I worked on a research project earlier this year. It has recently been submitted for publication and is currently under review. I am working on my resume and cover letter at the moment as well as applying to graduate schools. This is one of the biggest projects I have worked on in my undergrad and thus I will definitely be including it in my applications.

We were told not to circulate this paper, but I was allowed to present a very small part of the data at a conference. There are many diseases/conditions being studied in the project and I presented two of them at a conference.

Although I know that it is definitely not acceptable to circulate an unpublished paper, I am wondering if it would be okay to state a brief synopsis of what the project was about? For example:

This project was a meta-analysis that looked to see if there was a relationship between X and Y.

In addition, would it be acceptable to mention the journal that it was submitted to?

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    "Although I know that it is definitely not acceptable to circulate an unpublished paper" In many fields, circulating unpublished papers is not only acceptable, but fairly standard, in the form of sharing a preprint on arXiv or the like. In other fields, circulating it would be acceptable under certain conditions (e.g. all authors have agreed to the circulation, the paper is not under review in a double-blinded venue, and/or it's only shared non-publicly). Oct 25 '17 at 14:55
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    Based on your edit ("We were told not to circulate this paper."), I think your situation is fairly special in the sense that at least one involved author is highly concerned about confidentiality. You will have to ask that author how much sharing would be acceptable for them. Oct 25 '17 at 15:03
  • Does your field use double-blind reviewing? In that case an additional concern is that you might accidently reveal the identity of the authors to one of the reviewers. Oct 26 '17 at 8:14

Whoever told you not to circulate the paper is the person to ask. If you were specifically asked not to do so, the author could consider it a breach of trust to mention the ideas/results without clarifying the extent to which you can make claims about the project. Maybe they do not mind a general overview, only the paper, but this is something you need to find out from them.

"I will definitely be including it in my applications" is a problematic sentence under these auspices. It is not a good idea to mention the journal, either. Say, it's a top-tier journal. Anyone can submit a paper, but at this stage it is not accepted yet.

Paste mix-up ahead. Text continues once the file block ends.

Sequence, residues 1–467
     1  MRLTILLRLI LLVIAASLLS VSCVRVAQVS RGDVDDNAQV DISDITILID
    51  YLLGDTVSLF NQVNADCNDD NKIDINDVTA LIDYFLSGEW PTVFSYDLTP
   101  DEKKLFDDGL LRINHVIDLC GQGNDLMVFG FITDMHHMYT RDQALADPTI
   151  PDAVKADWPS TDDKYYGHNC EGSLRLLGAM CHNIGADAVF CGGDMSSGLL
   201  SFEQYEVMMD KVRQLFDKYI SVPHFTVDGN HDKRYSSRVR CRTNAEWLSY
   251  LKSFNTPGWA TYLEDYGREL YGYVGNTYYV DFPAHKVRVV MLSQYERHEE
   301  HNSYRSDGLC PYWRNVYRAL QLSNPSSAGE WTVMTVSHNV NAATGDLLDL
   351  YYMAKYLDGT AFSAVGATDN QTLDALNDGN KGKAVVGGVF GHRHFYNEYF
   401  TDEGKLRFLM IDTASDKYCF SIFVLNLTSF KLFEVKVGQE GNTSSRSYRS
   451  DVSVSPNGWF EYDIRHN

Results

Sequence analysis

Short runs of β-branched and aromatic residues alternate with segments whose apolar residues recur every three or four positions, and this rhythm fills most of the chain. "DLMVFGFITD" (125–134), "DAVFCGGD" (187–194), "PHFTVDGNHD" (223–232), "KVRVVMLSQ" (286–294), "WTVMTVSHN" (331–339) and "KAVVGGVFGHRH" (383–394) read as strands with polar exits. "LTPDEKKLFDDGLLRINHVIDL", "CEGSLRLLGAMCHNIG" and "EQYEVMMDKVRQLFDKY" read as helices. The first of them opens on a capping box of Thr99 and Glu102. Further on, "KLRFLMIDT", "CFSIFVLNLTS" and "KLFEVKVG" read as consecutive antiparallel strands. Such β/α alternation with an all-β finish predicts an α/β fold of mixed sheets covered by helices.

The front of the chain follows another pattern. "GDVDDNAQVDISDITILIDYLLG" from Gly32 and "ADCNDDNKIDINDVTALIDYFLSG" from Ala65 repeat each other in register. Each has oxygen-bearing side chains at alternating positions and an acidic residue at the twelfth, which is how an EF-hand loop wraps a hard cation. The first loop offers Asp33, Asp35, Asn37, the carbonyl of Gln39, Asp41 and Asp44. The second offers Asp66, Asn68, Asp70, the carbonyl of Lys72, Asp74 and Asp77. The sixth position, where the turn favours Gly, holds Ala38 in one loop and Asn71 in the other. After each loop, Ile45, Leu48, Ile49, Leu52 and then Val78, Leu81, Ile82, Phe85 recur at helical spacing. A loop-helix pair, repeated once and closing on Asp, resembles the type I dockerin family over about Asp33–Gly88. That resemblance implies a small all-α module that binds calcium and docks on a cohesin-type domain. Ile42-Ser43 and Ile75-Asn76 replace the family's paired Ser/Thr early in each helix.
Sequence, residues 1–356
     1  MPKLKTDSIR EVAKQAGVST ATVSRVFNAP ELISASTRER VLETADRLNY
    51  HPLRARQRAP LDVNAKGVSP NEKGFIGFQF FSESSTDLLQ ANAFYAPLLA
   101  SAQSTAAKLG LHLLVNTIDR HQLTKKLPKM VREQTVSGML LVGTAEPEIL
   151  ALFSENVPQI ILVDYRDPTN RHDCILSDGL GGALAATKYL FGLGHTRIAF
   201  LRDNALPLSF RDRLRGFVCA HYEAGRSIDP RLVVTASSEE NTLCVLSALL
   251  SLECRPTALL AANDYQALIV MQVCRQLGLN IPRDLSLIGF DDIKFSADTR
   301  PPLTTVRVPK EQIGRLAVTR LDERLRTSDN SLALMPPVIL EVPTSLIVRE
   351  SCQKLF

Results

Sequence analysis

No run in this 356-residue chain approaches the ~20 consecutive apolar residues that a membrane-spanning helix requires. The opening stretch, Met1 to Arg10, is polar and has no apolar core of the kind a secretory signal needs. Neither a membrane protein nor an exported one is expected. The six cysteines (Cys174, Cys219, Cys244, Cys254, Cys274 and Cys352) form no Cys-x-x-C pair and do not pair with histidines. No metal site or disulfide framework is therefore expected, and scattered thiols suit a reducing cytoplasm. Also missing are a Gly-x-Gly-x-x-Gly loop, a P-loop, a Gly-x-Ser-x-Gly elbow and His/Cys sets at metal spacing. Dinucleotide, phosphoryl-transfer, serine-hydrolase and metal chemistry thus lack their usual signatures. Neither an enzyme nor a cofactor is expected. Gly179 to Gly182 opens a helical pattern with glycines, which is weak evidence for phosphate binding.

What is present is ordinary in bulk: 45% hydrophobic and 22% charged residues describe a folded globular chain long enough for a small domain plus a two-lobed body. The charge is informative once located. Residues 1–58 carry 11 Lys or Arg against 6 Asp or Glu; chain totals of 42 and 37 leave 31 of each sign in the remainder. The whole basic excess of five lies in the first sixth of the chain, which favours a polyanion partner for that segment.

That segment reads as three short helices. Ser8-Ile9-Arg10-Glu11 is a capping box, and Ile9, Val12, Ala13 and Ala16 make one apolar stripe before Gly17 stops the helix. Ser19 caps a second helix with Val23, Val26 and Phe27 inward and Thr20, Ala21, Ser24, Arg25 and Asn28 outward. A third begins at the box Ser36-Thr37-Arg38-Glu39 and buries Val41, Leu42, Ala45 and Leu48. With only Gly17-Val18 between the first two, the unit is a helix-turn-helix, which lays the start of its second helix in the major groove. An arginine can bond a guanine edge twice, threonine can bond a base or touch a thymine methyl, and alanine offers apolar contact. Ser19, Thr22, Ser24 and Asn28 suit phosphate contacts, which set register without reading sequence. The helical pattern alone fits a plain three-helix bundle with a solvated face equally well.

In addition, you probably should get more detailed advice from a trusted mentor on how to develop your application.

  • +1 talk to the person who asked the paper not be circulated. It could just be someone being obsessively controlling, but there may be variety of reasons that a junior member of a collaboration may not have considered. If there are, it is educational to have that discussion. Also - usually if there are specific reasons outlined, then it is more clear what can be put in a CV. (However, unless you are desperate to show that current activity exists, putting down a submitted but not accepted paper doesn't really add much value to a CV)
    – Carol
    Oct 27 '17 at 14:09
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    @Carol In some disciplines, putting down a submitted but not accepted paper is still quite valued. In some disciplines the process can take months/years.
    – Dawn
    Oct 27 '17 at 15:40

You can certainly give information about an unpublished paper in your CV, including a synopsis. Do mention, however, that the paper is currently under review (that will also explain why a reader of your CV cannot find it on the webpage of the journal yet). It is best to mention to which journal it was submitted. This will frame the field and your ambitions for the reader of your CV.

Although I know that it is definitely not acceptable to circulate an unpublished paper...

Have a look at the copyright transfer (you can find that on the webpage of the journal or the publisher). It should clearly indicate what is possible, and what is not. Typically, you will be able to distribute a version of your paper that does not contain any editing by the journal. Sometimes you also can distribute a version that contains copy-editing and markup of the journal. Sometimes you need to add some text, e.g. referring to the journal.

If the copyright transfer text is unclear, and you still would want to distribute the article, contact the editor.

Also make sure that your co-authors are aware and agree on any of the above actions.

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    "It is best to mention to which journal it was submitted." I'd dispute this. A terrible paper can be submitted to Nature, and until acceptance the journal means next to nothing. And there is a very real chance of rejection, in which case there's a record that it wasn't published in the author's journal of choice; depending on the disparity between the two journals, this may be mildly embarrassing. Oct 25 '17 at 19:14
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    I think the copyright transfer is a bit of a red herring here - the restrictions you refer to, eg on distributing the non-edited accepted MS, usually refer to public distribution, like posting on a website, rather than private circulation.
    – Andrew
    Oct 25 '17 at 19:31
  • @dendodge Actually, the specification of submission journal is quite discipline specific. In my discipline, established researchers don't submit to super-reach journals because even getting a desk reject can take months. Knowing where something is submitted does frame the field/general evaluation of the work.
    – Dawn
    Oct 27 '17 at 15:42

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